Documentation is a crucial part of any ISO 27001 implementation project, and one of the most important documents you need to complete is the SoA (Statement of Applicability).
In this blog, we explain what an SoA is, why it’s important and how to produce one.
What is a Statement of Applicability?
An SoA summarises your organisation’s position on each of the 114 information security controls outlined in Annex A of ISO 27001.
Clause 6.1.3 of the Standard states an SoA must:
- Identify which controls an organisation has selected to tackle identified risks;
- Explain why these have been selected;
- State whether or not the organisation has implemented the controls; and
- Explain why any controls have been omitted.
Every control should have its own entry, and in cases where the control has been selected, the SoA should link to relevant documentation about its implementation.
Which controls do you need to implement?
Organisations are only required to implement controls that are appropriate to the risks they face. They should determine which controls apply to them by conducting an ISO 27001 gap analysis and risk assessment. These processes help organisations identify the risks they face, which they can match to the relevant control.
Annex A provides a useful outline of each control, but you’ll probably need something more in-depth when it comes to the implementation process. That’s where ISO 27002 comes in. It’s a supplementary standard in the ISO 27000 series, providing a detailed overview of information security controls.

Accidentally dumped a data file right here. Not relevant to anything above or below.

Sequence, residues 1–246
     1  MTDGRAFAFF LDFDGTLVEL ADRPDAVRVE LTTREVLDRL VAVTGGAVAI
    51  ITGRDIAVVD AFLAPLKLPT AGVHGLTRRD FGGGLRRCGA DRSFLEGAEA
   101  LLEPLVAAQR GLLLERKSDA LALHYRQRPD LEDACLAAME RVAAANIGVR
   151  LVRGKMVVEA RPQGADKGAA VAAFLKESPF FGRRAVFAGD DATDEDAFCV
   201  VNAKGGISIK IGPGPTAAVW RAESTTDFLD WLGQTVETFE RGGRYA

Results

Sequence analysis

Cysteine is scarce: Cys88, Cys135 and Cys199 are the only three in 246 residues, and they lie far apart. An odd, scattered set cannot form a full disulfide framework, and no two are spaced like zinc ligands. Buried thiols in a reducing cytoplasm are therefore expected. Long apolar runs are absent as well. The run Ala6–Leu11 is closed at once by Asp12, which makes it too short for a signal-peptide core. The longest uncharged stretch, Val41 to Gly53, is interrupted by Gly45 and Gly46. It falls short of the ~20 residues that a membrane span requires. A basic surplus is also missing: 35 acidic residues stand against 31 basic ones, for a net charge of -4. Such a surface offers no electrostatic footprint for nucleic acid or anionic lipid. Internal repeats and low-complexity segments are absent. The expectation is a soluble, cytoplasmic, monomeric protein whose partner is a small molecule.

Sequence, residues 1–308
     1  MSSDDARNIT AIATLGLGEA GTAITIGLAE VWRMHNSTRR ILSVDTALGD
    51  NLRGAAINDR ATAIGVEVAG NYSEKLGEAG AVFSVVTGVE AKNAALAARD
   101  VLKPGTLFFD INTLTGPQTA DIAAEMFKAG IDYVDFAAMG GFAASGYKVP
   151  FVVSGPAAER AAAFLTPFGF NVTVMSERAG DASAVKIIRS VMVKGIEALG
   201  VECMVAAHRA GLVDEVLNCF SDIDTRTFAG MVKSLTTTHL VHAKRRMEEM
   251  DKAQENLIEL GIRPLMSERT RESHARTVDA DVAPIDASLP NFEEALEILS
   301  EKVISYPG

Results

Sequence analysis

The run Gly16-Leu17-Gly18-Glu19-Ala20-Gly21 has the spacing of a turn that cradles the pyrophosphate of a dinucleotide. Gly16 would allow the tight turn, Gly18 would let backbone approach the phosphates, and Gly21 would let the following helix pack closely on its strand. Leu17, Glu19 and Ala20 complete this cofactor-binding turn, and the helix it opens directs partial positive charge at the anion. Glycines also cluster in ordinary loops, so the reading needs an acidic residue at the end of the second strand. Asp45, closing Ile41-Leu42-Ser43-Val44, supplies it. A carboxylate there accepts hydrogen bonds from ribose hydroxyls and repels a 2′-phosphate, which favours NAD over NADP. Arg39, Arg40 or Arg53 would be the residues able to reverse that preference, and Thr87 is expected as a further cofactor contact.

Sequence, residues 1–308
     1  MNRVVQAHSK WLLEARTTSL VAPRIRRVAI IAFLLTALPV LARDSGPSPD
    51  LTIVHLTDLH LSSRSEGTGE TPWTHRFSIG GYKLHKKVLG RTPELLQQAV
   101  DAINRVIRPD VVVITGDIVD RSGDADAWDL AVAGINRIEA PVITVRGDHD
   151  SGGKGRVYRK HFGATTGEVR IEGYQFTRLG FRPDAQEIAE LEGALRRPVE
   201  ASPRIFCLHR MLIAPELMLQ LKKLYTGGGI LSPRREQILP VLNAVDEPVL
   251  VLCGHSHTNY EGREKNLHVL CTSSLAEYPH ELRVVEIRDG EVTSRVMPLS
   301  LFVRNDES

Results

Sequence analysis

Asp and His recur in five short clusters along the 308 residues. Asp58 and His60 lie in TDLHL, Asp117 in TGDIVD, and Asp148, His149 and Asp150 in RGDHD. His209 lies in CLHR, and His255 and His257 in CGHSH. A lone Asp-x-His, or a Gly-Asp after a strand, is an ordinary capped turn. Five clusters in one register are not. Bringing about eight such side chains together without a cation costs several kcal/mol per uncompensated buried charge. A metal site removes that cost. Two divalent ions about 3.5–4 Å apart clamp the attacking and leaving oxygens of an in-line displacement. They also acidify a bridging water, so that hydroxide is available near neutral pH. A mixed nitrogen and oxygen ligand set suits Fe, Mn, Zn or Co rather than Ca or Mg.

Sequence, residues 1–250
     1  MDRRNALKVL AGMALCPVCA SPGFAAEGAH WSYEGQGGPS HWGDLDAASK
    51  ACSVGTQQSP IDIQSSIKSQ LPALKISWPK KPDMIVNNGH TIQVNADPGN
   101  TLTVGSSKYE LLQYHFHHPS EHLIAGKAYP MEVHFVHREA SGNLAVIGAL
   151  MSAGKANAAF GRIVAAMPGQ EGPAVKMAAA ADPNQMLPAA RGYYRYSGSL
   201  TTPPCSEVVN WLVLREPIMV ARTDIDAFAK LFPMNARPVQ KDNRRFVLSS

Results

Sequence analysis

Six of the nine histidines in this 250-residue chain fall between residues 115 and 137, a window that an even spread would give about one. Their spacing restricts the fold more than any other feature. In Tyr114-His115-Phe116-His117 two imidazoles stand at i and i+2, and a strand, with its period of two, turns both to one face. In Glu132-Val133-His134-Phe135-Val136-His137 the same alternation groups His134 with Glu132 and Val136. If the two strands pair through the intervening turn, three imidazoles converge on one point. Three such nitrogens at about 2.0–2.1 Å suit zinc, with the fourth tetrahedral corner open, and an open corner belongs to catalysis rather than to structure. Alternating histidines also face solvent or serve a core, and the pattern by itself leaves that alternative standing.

ISO 27002 provides detailed information on each control, explaining how each one works and providing advice on how to implement it.
You’ll therefore benefit from having copies of both standards when creating your SoA.
Why is the Statement of Applicability important?
The SoA is a useful document for everyday operational use, because it provides comprehensive coverage of your organisation’s information security measures.
You can refer to it to understand how and why your organisation is tackling certain risks and accepting others.
This is especially important when ensuring continual improvement within your organisation. You can assess whether the controls you’ve implemented are working as intended and assess whether other controls might be more suitable.
Likewise, you can review why you chose to accept risks and determine whether the threat landscape has increased significantly enough to warrant a change.
An SoA also has significant regulatory consequences. If you are investigated for a data breach, you can use your SoA to justify your information security controls and prove that your defences were implemented in line with an ISO 27001-compliant risk assessment.
Looking for help with you ISO 27001 risk assessment process? Take a look at vsRisk Cloud, the online version of our simple risk assessment tool.
With vsRisk Cloud, you’ll get repeatable, consistent assessments year after year. Its integrated risk, vulnerability and threat database eliminates the need to compile a list of risks, and the built-in controls helps you comply with multiple frameworks, including the GDPR (General Data Protection Regulation).
How to save time writing your Statement of Applicability
Developing an SoA can be daunting, but there are tools that can help, such as those contained in our ISO 27001 ISMS Documentation Toolkit.
Our Documentation Toolkit includes an SoA template to accelerate your documentation process.
The toolkit includes:
- A complete set of easy-to-use, customisable and fully ISO 27001-compliant documentation templates that will save you time and money;
- Simple dashboards and gap analysis tools to ensure complete coverage of the Standard; and
- Direction and guidance from expert ISO 27001 practitioners.
A version of this blog was originally published on 9 November 2017.